• If your company is running a VPN then you connect to your VPN and use the internal IP address of the machine running FMS.



            1 of 1 people found this helpful
            • 3. Re: How to open a remote FMDB - a walk though for a newbie.

              Hi Karen,


              thank you for your quick response and clarifying the Open Remote input settings (I was totally over complicating that).


              I'm still not successful, but I am closer as I have a new dialogue box with a 'The file test.fp.7 could not be opened. Either the host is not available, or the file in not available on that host'


              I've checked the host machine and both, it and the 'test.fp.7' file is up and running.


              What do you suggest now?

              • 4. Re: How to open a remote FMDB - a walk though for a newbie.

                Hi Malcom,


                thank you for your response. I've tried what Karen suggested (see above).


                Re: VPN... I don't think so. It just the Dynalink RTA1025W Modem/4 port Router > 8 port Router > patch board > ethernet ports in our offices.


                Isn't the external IP address of the company the same as the Static IP as provided by my ISP, or is it something else again?


                Company firewall port 5003??? What, where, how? Is this different to the post settings in the Dynalink RTA1025W Modem/4 port Router?


                Database names are not hidden.

                • 5. Re: How to open a remote FMDB - a walk though for a newbie.

                  Paul may be fundamental or just modem,


                  You are close.


                  Since you have your own router the 'external' IP is usually assigned to that router. If the router is assigning internal DHCP addresses then the port 5003 forwarding is set to use the address assigned to the FM host Computer.


                  For example:

                  Router is set to external IP (whatever your ISP assigned you).

                  This allows computers in the rest of the world to talk to your router and it will always be at the same address.


                  Router assigns DHCP address to FMP host computer. This assumes you are using the router to assign IP's from a range of internal IP address. If not you can use the manually assigned DHCP but, it must be in the range the router uses or the router won't talk to it.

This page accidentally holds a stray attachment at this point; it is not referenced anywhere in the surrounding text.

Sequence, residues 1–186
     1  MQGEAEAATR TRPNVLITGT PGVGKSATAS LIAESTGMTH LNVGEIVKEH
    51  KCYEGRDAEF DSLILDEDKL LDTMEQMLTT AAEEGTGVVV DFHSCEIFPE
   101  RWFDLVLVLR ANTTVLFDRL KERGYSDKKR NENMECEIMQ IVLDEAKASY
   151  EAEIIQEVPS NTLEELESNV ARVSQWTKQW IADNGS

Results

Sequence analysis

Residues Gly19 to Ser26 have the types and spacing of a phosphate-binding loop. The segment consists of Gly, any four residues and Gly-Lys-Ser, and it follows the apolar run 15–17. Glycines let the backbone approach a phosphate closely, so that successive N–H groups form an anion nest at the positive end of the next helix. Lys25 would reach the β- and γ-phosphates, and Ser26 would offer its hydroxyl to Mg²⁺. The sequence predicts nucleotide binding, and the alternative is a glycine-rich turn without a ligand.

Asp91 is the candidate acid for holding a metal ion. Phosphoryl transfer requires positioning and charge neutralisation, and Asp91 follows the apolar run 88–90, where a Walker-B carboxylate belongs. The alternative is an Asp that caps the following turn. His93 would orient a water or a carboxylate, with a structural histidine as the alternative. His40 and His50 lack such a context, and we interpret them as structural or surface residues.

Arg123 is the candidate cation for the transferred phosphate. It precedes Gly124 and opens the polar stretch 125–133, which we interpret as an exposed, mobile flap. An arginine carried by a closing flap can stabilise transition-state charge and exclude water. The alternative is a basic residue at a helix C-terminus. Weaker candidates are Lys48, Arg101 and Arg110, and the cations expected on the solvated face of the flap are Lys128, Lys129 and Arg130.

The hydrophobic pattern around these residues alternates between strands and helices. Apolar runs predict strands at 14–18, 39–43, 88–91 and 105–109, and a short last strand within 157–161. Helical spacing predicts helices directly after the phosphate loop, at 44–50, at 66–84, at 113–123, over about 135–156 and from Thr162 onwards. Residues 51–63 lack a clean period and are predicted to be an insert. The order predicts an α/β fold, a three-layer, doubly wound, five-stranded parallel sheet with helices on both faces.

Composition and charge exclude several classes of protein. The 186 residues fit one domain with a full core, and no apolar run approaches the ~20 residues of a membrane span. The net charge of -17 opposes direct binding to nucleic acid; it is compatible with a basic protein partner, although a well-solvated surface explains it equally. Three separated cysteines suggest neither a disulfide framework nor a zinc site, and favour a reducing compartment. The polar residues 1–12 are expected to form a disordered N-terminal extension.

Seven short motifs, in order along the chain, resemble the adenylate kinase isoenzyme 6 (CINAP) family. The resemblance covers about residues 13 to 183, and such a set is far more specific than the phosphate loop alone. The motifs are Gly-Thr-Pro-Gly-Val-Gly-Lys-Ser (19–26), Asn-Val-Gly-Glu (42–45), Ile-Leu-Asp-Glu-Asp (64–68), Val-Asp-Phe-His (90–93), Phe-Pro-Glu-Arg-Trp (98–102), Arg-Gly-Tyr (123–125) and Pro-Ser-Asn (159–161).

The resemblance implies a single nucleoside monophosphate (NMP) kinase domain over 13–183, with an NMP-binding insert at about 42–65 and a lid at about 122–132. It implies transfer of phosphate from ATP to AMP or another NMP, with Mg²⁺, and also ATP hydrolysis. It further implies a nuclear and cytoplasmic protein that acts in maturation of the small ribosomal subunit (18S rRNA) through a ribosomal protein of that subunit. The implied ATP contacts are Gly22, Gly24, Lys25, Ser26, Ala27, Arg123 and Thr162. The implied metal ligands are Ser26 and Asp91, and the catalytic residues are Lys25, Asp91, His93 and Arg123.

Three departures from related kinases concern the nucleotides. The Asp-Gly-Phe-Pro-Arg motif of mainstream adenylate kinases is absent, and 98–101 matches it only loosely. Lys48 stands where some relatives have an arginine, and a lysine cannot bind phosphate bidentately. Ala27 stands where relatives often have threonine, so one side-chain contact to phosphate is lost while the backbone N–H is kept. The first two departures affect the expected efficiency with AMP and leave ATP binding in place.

This does not have to be a fixed assigned IP address. The router should automatically track the computer/IP configuration even if it assigned a new IP to that computer. Of course the router has to support these 'features'.


                  Port forwarding on the Router is set to send port 5003 to the FM host, which in this example will be



                  Now that should work to route traffic for port 5003 directly to the FM host computer.





                  In your Favorites you enter the External IP address, the one assigned to the Router. You always start the conversation by talking to the Router. It then forwards your call (because it came in on port 5003) to the internal computer, the FM host.


                  Now you can click on the Favorite and it will request the databases open on the FM host. Once you see the list of DB's available you know its all working. As others have said you might not see the list if you are using FMS and it was set up to not show files.


                  Since you are on a Mac you can also test the connection using the "Network Utility" application, located in the Applications/Utilities folder.


                  In the PING tab enter the Router Fixed IP and the port number:


                  If the port forwarding is working you should get a Ping response.


                  Then use the "Traceroute" tab with the same IP:port to see how it gets there. It might ultimately fail to show the complete path. Especially if the router is set up for no response to ping requests. But, it could list all routers passed thru between your home computer and the FM host computer. IP should (I think) be the last one in the list. Masked routers will show as a line number and a series of stars.